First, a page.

Colin Gill and Lucie Bernadova, Research Surveyor for
Weather: Wind N/NE Variable 14-21Knots; Swell 0-1; Visibility 6; Sea State 3-4
Summary of Species Recorded
Harbour Porpoise Phocoena phocoena 2
Red-throated Diver Gavia stellata 1
Fulmar Fulmarus glacialis 3
Gannet Morus bassanus 134
Manx Shearwater Puffinus puffinus 347
Cormorant Phalacrocorax carbo 8
Shag Phalacrocorax aristotelis 6
Herring Gull Larus argentatus 17
Lesser Black-backed Gull Larus fuscus 33
Great Black-backed Gull Larus marinus 2
Kittiwake Rissa tridactyla 19
Common Gull Larus canus 3
Black-headed Gull Chroicocephalus ridibundus 1
Unidentified gull sp. 269
Common Tern Sterna hirundo 31
Sandwich Tern, Sterna sandvicensis 25
Tern sp. 2
Guillemot Uria aalge 43
We were warmly welcomed on board by the captain and crew of the
Stena Mersey and left Birkenhead harbour in slightly misty weather
with light rain, but conditions soon improved with good visibility
for the rest of the crossing.
Early on it was the tern species that gave the more frequent sightings, but this was to change as Gannet took over as the constant bird throughout the survey. There were reasonable numbers of Manx Shearwater as well although the actual variety of sea birds was limited, even on the exit and approach to the two ports.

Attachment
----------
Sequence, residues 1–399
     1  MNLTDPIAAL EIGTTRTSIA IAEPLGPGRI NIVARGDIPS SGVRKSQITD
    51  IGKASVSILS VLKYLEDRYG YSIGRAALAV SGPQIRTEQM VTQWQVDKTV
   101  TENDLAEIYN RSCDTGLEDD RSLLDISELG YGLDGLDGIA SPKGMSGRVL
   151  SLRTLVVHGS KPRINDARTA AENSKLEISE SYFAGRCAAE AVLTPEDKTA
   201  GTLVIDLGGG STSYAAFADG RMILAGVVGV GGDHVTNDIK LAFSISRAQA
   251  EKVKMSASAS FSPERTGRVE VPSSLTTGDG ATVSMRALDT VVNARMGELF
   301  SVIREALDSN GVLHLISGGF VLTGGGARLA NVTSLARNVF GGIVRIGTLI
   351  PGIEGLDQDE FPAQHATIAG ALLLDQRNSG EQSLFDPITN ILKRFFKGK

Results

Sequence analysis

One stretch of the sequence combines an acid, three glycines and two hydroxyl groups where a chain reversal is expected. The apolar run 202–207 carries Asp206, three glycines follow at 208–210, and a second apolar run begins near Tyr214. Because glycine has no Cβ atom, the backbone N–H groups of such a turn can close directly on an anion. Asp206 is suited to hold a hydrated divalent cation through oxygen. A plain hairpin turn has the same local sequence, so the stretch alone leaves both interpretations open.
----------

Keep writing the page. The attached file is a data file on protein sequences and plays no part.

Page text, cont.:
The ship follows the coast nearly all the way up before crossing towards Belfast and the visibility allowed for views across to the Lake District and then of the coastline towards the Mull of Galloway. We were hopeful of further wildlife sightings around the Isle of Man but to no avail.
It was not until the approach towards the Irish coastline that we got our first Harbour Porpoise sighting followed by another very brief glimpse on the final approach to Belfast Harbour. Beaufort's Dyke was lacking any real numbers of birds apart from occasional rafts of Manx Shearwater.
Belfast harbour was extremely quiet with none of the normal estuary birds and we were not even greeted by the Harbour Seal that I have seen on every previous visit to the port. More disappointing was the fact that my colleague had never seen a Black Guillemot and I had told her that this was a definite in and around the port… they had gone as well!!
The whole survey was still a very enjoyable experience, made more so by the friendliness of the captain and his crew. Their genuine support and interest always makes the trips go smoothly and the added bonus was a comfortable night sleep on the return trip.
Colin Gill and Lucie Bernadova, Research Surveyor for MARINElife